A shotgun optical map of the entire Plasmodium falciparum genome
Lai Z, Jing J, Aston C, Clarke V, Apodaca J, Dimalanta ET, Carucci DJ, Gardner MJ, Mishra B, Anantharaman TS, Paxia S, Hoffman SL, Craig Venter J, Huff EJ, Schwartz DC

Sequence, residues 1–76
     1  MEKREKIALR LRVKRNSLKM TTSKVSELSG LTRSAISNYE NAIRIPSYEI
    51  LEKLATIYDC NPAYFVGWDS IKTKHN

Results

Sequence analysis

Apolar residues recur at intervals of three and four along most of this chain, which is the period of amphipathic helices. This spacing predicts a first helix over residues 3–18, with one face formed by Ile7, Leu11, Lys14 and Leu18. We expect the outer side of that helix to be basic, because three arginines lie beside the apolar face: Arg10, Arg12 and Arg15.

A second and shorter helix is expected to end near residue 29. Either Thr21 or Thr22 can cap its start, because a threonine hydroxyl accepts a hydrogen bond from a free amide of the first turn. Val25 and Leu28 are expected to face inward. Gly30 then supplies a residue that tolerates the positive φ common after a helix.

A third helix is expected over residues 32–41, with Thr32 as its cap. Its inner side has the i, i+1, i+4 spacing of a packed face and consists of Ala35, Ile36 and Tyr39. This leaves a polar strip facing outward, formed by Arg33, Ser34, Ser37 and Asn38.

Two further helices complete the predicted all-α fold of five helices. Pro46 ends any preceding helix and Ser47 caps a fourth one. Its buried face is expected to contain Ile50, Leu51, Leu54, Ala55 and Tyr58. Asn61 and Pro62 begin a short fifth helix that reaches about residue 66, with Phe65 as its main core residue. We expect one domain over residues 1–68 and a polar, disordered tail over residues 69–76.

The unicellular parasite Plasmodium falciparum is the cause of human malaria, resulting in 1.7-2.5 million deaths each year. To develop new means to treat or prevent malaria, the Malaria Genome Consortium was formed to sequence and annotate the entire 24.6-Mb genome. The plan, already underway, is to sequence libraries created from chromosomal DNA separated by pulsed-field gel electrophoresis (PFGE). The AT-rich genome of P. falciparum presents problems in terms of reliable library construction and the relative paucity of dense physical markers or extensive genetic resources. To deal with these problems, we reasoned that a high-resolution, ordered restriction map covering the entire genome could serve as a scaffold for the alignment and verification of sequence contigs developed by members of the consortium. Thus optical mapping was advanced to use simply extracted, unfractionated genomic DNA as its principal substrate. Ordered restriction maps (BamHI and NheI) derived from single molecules were assembled into 14 deep contigs corresponding to the molecular karyotype determined by PFGE (ref. 3).